FG goes af­ter Petro Union Oil as direc­tors remanded over £2.6bn fraud

P&id-type case sought to scam Cbn/union Bank

Business Day (Nigeria) - - FRONT PAGE - SEGUN ADAMS & FIKAYO OWOEYE

Jus­tice Mo­hammed Liman of a Fed­eral High Court in Lagos on Thurs­day or­dered the re­mand of four direc­tors of Petro Union Oil and Gas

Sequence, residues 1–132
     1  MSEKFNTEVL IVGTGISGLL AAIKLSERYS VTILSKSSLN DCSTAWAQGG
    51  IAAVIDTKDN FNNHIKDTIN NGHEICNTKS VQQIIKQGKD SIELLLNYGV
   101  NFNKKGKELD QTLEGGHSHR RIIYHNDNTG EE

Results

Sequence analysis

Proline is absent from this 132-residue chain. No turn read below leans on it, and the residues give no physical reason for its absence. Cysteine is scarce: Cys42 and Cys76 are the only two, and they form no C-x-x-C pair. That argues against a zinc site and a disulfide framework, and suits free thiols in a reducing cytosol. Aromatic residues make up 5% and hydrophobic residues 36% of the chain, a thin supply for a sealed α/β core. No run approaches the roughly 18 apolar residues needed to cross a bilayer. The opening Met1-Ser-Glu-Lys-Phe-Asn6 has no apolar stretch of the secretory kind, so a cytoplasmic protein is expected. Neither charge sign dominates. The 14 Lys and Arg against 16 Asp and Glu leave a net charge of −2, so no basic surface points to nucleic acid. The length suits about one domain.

Limited in the cus­tody of the Eco­nomic and Fi­nan­cial Crimes Com­mis­sion (EFCC) over an al­leged £2.6 bil­lion fraud. The order was se­quel to the ar­raign­ment of the direc­tors along­side the firm, Petro Union Oil and Gas Limited, on a 7-count charge bor­der­ing on the al­leged of­fence by the anti-graft agency. The four direc­tors are Abay­omi Kukoyi (trad­ing un­der the name and style of Glad­stone Kukoyi & As­so­ciates), Prince Kings­ley Ok­pala, Prince Chidi Ok­palaeze and Prince Em­manuel Ok­palaeze. The EFCC, in a charge marked FHC/L/46C/2020 brought against the four direc­tors along­side the oil com­pany and one Prince Isaac Ok­pala (now de­ceased), al­leged that they com­mit­ted the of­fences be­tween 1994 and 2007. They were al­leged to have fraud­u­lently pro­cured a cheque from a for­eign bank in the sum of £2.556 bil­lion, un­der the pre­text that it was meant to con­struct three petro­chem­i­cal re­fin­ery com­plexes in Nige­ria. They were also al­leged to have some­time in April 2007 forged a state­ment of ac­count in the name of Gold­matic Limited, which was used to ob­tain the sum of £2.159 bil­lion. The four direc­tors were also ac­cused of al­ter­ing a bank cheque dated De­cem­ber 29, 1994, in the sum of £2.556 bil­lion, made payable to Glad­stone Kukoyi & As­so­ciates for the pur­pose of con­struct­ing three petro­chem­i­cal re­finer­ies in Nige­ria. Other charges in­clude felony based on trick­ery to ob­tain money un­der false pre­tence, forgery of a state­ment of ac­count, in­tent to de­fraud, al­ter­ing a doc­u­ment, among oth­ers. The de­fen­dants will re­main in cus­tody of the EFCC fol­low­ing the re­quest of Ro­timi Ja­cobs (SAN), EFCC prose­cu­tor, to re­mand the sus­pects ahead of trial. Jus­tice Liman fixed February 19 for the trial and hear­ing of the bail applicatio­ns for the four direc­tors. The case be­tween Petro Union, on one hand, and mid-tier lender Union Bank of Nige­ria and the Cen­tral Bank of Nige­ria (CBN), on the other hand, can be traced to around June 1994, when Glad­stone Kukoyi As­so­ciates sub­mit­ted an ap­pli­ca­tion dated June 3, 1994 for ap­proval to im­port for­eign cap­i­tal for Petro Union. Doc­u­ments later pro­vided to sup­port the ap­pli­ca­tion in­cluded, among oth­ers, a bill of ex­change pur­port­edly is­sued by Bar­clays Bank plc dated 29 De­cem­ber, 1994 for the sum of £2.556bn. Union Bank of Nige­ria then sub­mit­ted the Glad­stone ap­pli­ca­tion to the CBN for con­sid­er­a­tion but by a let­ter dated 2 Novem­ber, 1994, the CBN ad­vised Union Bank to with­hold ac­tion pend­ing in­ves­ti­ga­tion and fur­ther di­rec­tives. The CBN by a let­ter dated 21 March, 2002 ad­vised PU that Union Bank’s Lon­don Branch had been con­tacted and it con­firmed that the bank never ac­cepted the bill of ex­change for clear­ing. The CBN sim­i­larly af­firmed that Bar­clays Bank plc in the United King­dom had con­firmed that the ac­count on which the bill was drawn was closed on 21 Septem­ber, 1989 whereas the bill was is­sued on 29 De­cem­ber, 1994 – five years af­ter the ac­count was closed. Bar­clays Bank also con­firmed to the CBN that no ac­count was main­tained in the name of the draw­ers of the bill (Gazeaft Limited). Gazeaft Limited was also con­firmed by Bar­clays not to be on the list of reg­is­tered com­pa­nies in the UK by the Com­pa­nies Registry in the UK. A se­nior gov­ern­ment source told Busi­ness­day that the al­leged scam is sim­i­lar to the Process and In­dus­trial De­vel­op­ment Ltd. (P&ID) bo­gus judg­ment against Nige­ria. “There are so many of such cases going on and it is frankly a threat to the sys­tem. That is why the Fed­eral Gov­ern­ment has de­cided to go af­ter them hard,” the source said. Ac­cord­ing to the EFCC prose­cu­tor, Ro­timi Ja­cobs (SAN), the of­fences are con­trary to, and pun­ish­able un­der sec­tions 1(2), 1(2)(a) of the Mis­cel­la­neous Of­fences Act, Law of the fed­er­a­tion of Nige­ria, 1990. The of­fences are also said to be con­trary to and pun­ish­able un­der sec­tions 509, 467(2)(I) and 468 of the Crim­i­nal Code Act, Laws of the Fed­er­a­tion of Nige­ria, 2004. The four direc­tors pleaded not guilty to the charges. Some of the counts against the de­fen­dants read thus: “That you Petro Union Oil and Gas Limited, Prince Isaac Ok­pala ( now de­ceased), Abay­omi Kukoyi, Prince Kings­ley Ok­pala, Prince Chidi Ok­palaeze, Prince Em­manuel Ok­palaeze and Princess Gla­dys Ok­palaeze (now at large) on or about 29th De­cem­ber, 1994 within the ju­ris­dic­tion of this Honourable Court fraud­u­lently pro­cured a Bar­clays Bank cheque dated 29th De­cem­ber, 1994 in the sum of £2,556,000,000.00 made payable to Glad­stone Kukoyi and As­so­ciates, pur­port­ing the said cheque to be meant for for­eign in­vest­ment in the con­struc­tion of 3 re­finer­ies and petro­chem­i­cal com­plex in Nige­ria, when you knew that the said cheque to be false and you thereby com­mit­ted an of­fence con­trary to Sec­tion 1(2) (a) of the Mis­cel­la­neous Of­fences Act, Laws of the Fed­er­a­tion of Nige­ria, 1990 and pun­ish­able un­der same Sec­tion. “That you Petro Union Oil and Gas Limited, Prince Isaac Ok­pala ( now de­ceased), Abay­omi Kukoyi, Prince Kings­ley Ok­pala, Prince Chidi Ok­palaeze, Prince Em­manuel Ok­palaeze and Princess Gla­dys Ok­palaeze (now at large) on or about the 10th April, 2007 within the ju­ris­dic­tion of this Honourable Court with in­tent to de­fraud, forged a cer­tain doc­u­ment to wit: state­ment of ac­count in the name of Gold­matic Limited pur­port­edly is­sued by the Cen­tral Bank of Nige­ria with Ac­count Num­ber: 10382175 wherein you falsely claimed that the Cen­tral Bank had in its cus­tody, the sum of £2,159, 221, 313. 54 in favour of Gold­matic Limited and you thereby com­mit­ted an of­fence con­trary to Sec­tion 467 (2) (I) of the Crim­i­nal Code Act, Laws of the Fed­er­a­tion of Nige­ria, 2004 and pun­ish­able un­der the same Sec­tion.”